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Tale of two nations building out their biometric surveillance capabilities – the US and China

Categories Biometric R&D  |  Biometrics News  |  Surveillance
Tale of two nations building out their biometric surveillance capabilities – the US and China
 

The governments of China and the United States are using similar strategies to train their facial recognition systems. They are paying people to be subjects for biometrics algorithms.

The two examples below illustrate how comfortable people can get with being a raw building material for real-time AI-guided and analyzed surveillance systems.

They are analogous, and while not a one-to-one match, the basic similarities are notable.

WAtoday, a news publication covering Western Australia, excerpted a book, “Through Her Eyes,” a collection of essays by Australian women correspondents.

Specifically, the experience of Cate Cadell, who lived and worked in China from 2014 to 2021 – the period when hundreds of millions of face biometrics camera networks ended any illusions about privacy and tolerance in that authoritarian state.

Cadell’s essay is a good read if only for marveling at how she amassed “thousands of purchase orders” for biometric surveillance systems from around China. She reports on how much control government officials wanted from AI. It is extreme.

Arguably just as significant is her memory of driving through a backwater village of dried-mud architecture where residents were lining up to stand in front of one of three phones strapped to tripods. Each person, at least one of whom was 100 years old, were brusquely told to pose.

Some with a paper photo of an anonymous person (eyes and nose cut out) over their face, some moving their heads as if maybe their faces were being scanned by radar.

From her essay it seems as though everyone was enthusiastic about being part of an AI project even though probably few in the village had a phone. Maybe patriotism, maybe novelty but most likely because everyone who participated got a ticket they could trade for cooking oil or pots and pans.

From a Western perspective, the government’s project seems cheap on multiple levels, and the villagers seem naïve or like they have heard enough about blanket AI surveillance to accept it willingly as the price to pay for a safe and stable society. That is how Beijing plays it, at least.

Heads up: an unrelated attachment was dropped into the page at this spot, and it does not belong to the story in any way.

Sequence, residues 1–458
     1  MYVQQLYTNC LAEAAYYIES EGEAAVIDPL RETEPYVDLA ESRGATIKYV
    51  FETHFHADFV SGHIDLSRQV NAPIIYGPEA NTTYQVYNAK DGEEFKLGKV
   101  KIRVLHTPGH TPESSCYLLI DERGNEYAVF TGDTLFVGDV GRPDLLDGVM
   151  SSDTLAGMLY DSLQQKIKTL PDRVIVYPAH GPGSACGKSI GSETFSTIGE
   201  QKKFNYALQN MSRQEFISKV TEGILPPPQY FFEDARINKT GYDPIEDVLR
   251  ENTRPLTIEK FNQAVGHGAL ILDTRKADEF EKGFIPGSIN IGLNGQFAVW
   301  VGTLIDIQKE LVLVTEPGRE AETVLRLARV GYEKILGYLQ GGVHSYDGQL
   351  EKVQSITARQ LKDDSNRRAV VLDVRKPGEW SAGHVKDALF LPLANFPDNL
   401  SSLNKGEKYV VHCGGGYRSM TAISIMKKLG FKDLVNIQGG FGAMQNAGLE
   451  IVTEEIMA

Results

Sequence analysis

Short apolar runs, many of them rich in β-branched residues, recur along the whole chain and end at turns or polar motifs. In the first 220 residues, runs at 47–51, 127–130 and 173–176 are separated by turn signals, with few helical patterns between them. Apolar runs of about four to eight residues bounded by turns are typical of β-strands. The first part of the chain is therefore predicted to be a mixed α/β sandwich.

Then comes a local television report about the Oak Ridge National Laboratory, an organization has long used patriotism to get the support and labor of its home state, the mostly rural Tennessee.

The lab is looking for volunteers this month for a program called Biometric Recognition and Identity at Altitude and Range (BRIAR). Researchers in the year-old exercise want to develop AI algorithms that can make whole-body biometric identification from far away and from a platform in the air.

The platforms could be thought of as watch towers or drones.

Participants will be paid with gift cards of up to $150.

The obvious connection to make is that volunteers will be making it easier to find, identify and if necessary, apprehend terrorists. In largely conservative Tennessee, that would be a very acceptable explanation and motivation to participate.

Both populations can doubtless sleep well knowing that their assumptions are at least partly correct.

But, as Cadell points out in her essay, she later found a $370,000 purchase order for facial recognition surveillance systems to be deployed in the little village. The order had been approved 18 months prior to her serendipitous stop on her cross-country drive.

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